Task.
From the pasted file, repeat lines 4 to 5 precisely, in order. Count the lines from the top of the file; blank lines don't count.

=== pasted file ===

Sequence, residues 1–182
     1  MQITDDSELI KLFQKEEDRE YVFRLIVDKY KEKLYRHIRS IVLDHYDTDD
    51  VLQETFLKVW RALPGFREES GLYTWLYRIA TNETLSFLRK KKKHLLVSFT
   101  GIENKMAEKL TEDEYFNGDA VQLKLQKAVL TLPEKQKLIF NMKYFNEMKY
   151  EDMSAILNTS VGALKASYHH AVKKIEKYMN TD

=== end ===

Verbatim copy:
   101  GIENKMAEKL TEDEYFNGDA VQLKLQKAVL TLPEKQKLIF NMKYFNEMKY
   151  EDMSAILNTS VGALKASYHH AVKKIEKYMN TD